This is an archived article that was published on sltrib.com in 2014, and information in the article may be outdated. It is provided only for personal research purposes and may not be reprinted.
I would like to clarify some information regarding UTA's proposed 2015 budget as described in the Salt Lake Tribune article, "UTA budget would dig $44.5 million into reserves." While we commend the article for reporting on UTA's customer focus initiatives such as adding service miles and hours, restoring holiday service on Memorial Day, Independence Day and Labor Day and improving the WiFi experience on FrontRunner, it leaves the false impression the agency poorly plans its financial affairs. The article indicates UTA is using a large amount of reserves to fund the 2015 budget, but a closer look at the facts provides a different story.
Rather than take a year-by-year approach to budgeting, UTA uses a 30-year financial forecasting model to enforce long-term financial discipline. As conditions change from year to year, we use this model to evaluate the long-term financial effects of decisions being considered today. As UTA weighed adding service in the proposed 2015 budget, it used this model to confirm that our long-term financial goals for the next 30 years would be met.
Of the $44.5 million use of reserves referenced in the article, $32.2 million reflects capital projects originally budgeted in 2014 that will instead be completed and paid for next year. This is a timing issue, common with capital projects, that simply represents spending budgeted funds in a different year, rather than an unplanned or excessive use of reserves. An additional $2.1 million, although shown as an expense in the proposed budget, will actually be placed into reserves to retire debt early.
After taking just these two items into account, UTA may only use up to $10.1 million of reserves in the 2015 budget. Reserves are designed to absorb year-to-year adjustments, and $10.1 million reflects a very small percentage of UTA's total reserves.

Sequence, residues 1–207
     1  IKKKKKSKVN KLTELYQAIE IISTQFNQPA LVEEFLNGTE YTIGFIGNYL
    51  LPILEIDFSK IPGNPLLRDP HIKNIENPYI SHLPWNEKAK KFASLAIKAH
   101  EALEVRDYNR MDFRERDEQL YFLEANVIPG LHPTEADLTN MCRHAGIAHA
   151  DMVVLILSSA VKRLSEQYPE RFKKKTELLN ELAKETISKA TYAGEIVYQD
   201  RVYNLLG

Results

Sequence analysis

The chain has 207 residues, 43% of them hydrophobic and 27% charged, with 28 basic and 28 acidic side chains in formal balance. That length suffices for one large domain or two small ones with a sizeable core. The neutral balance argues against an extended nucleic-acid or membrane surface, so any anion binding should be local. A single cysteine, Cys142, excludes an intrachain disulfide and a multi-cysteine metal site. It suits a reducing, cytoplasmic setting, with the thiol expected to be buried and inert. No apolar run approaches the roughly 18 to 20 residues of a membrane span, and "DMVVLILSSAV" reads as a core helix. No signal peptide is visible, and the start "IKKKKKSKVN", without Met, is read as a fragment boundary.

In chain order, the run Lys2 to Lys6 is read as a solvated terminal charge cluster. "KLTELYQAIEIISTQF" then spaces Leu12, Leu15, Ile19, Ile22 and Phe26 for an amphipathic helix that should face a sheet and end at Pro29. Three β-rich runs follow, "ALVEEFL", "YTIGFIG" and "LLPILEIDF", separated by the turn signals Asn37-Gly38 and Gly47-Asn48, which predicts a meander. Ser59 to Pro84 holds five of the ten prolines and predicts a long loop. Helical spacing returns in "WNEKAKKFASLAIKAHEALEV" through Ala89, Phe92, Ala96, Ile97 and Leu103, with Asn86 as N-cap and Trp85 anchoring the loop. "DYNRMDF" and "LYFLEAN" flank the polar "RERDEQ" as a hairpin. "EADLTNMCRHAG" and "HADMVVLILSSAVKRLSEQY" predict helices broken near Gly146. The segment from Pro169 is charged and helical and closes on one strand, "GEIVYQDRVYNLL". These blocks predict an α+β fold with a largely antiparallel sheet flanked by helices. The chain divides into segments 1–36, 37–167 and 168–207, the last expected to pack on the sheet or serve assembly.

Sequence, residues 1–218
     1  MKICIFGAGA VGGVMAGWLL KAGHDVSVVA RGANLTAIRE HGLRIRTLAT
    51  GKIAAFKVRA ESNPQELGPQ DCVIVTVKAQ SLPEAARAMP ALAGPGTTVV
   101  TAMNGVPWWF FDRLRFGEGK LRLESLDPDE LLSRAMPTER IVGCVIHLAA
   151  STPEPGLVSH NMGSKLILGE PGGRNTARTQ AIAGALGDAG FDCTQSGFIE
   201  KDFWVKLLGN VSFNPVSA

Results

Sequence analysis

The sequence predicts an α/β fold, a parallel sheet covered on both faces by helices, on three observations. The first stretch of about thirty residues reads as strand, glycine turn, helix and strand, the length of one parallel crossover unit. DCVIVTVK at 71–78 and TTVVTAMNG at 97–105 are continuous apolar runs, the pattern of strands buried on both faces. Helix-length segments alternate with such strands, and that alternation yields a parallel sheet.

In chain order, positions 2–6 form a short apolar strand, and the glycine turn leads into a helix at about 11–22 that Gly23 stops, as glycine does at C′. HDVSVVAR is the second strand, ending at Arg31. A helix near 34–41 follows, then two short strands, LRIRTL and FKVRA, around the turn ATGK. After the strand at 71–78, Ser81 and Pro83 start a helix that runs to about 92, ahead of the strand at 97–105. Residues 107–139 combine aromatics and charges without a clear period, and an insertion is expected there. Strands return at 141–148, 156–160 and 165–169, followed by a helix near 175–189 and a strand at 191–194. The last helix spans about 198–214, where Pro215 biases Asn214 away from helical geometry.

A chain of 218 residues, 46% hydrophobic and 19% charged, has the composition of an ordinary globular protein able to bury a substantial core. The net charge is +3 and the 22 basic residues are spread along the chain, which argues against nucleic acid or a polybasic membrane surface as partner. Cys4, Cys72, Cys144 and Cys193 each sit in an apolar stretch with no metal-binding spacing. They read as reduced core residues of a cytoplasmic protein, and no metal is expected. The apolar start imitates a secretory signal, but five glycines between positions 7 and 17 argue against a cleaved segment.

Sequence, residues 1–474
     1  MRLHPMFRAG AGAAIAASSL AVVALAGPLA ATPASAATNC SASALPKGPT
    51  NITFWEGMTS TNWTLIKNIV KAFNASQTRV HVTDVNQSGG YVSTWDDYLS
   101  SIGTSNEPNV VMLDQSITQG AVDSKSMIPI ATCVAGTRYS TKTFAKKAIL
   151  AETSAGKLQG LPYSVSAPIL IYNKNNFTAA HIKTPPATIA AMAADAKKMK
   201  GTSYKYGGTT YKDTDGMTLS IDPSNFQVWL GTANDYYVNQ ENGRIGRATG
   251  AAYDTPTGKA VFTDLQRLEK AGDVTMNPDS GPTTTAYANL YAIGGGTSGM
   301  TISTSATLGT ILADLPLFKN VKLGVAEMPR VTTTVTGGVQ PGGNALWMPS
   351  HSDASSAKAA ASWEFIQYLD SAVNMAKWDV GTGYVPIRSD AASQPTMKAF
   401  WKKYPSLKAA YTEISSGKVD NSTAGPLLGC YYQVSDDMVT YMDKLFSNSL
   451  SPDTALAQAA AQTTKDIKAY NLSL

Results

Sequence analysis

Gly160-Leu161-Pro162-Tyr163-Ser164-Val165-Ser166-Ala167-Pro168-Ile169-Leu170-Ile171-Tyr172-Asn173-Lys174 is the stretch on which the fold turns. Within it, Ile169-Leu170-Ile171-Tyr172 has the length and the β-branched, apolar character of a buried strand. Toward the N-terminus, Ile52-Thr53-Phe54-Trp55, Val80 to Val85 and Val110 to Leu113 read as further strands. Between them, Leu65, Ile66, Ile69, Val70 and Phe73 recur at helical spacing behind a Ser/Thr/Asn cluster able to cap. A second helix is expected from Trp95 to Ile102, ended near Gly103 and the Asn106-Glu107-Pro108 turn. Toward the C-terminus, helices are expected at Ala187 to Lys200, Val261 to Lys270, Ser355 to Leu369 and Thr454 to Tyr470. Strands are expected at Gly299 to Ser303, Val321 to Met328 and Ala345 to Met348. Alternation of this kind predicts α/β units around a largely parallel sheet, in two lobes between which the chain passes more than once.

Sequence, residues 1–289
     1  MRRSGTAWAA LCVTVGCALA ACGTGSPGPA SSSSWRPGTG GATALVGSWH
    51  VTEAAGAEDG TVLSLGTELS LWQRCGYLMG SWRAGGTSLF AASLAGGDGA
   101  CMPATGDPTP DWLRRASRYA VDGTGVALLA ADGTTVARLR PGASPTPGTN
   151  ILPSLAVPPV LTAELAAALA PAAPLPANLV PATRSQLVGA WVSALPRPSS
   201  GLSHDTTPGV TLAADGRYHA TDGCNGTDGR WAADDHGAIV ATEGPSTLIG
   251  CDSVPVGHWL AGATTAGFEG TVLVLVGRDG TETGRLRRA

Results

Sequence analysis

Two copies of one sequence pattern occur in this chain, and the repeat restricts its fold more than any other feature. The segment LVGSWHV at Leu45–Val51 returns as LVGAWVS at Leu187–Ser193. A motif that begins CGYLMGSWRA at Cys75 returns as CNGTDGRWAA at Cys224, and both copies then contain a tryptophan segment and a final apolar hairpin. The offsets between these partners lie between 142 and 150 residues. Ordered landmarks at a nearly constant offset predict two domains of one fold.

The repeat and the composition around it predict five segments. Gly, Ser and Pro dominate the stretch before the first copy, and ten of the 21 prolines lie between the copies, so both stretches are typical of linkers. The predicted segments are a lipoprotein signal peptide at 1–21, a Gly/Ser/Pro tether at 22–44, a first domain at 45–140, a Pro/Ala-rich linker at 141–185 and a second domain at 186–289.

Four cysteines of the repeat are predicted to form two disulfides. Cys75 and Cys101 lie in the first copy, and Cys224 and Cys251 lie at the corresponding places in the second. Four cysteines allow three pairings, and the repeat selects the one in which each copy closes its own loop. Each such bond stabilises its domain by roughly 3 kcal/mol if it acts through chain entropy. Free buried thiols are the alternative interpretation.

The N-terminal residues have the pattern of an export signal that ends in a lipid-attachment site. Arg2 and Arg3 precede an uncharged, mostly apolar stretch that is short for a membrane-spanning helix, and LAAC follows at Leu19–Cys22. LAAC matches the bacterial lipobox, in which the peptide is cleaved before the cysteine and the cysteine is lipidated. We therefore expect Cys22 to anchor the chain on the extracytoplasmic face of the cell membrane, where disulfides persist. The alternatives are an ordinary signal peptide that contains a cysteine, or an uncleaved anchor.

The article also makes mention of a recent Legislative Audit report cautioning about UTA's margin of error should sales tax revenues not match expectations in coming years. That is wise counsel. While we have experienced lean years as a result of the recession, UTA's financial situation is sound in the long-term and has improved since the audit was conducted. Current projections indicate that UTA's 2015 year-end reserves will be about $160.8 million, which is $9.4 million higher than the audit anticipated.
The proposed 2015 budget also proposes setting aside another $4.4 million to create new reserves for both fuel and parts, which can present volatile and unpredictable budget impacts. Establishing these reserves is another example of improving the agency's sound financial footing.
UTA has a well-established record of coming in under its annual budget, and we have diligently balanced our long-term fiscal stewardship responsibilities, long-term debt commitments, and capital needs in ways that provided the opportunity to add more transit service to the Wasatch Front. The agency's ongoing goal is to continue providing more and better service after ensuring UTA's long-term fiscal viability – precisely what the proposed 2015 budget reflects.
Michael Allegra, president and CEO of Utah Transit Authority, has more than 38 years of experience in the transit industry.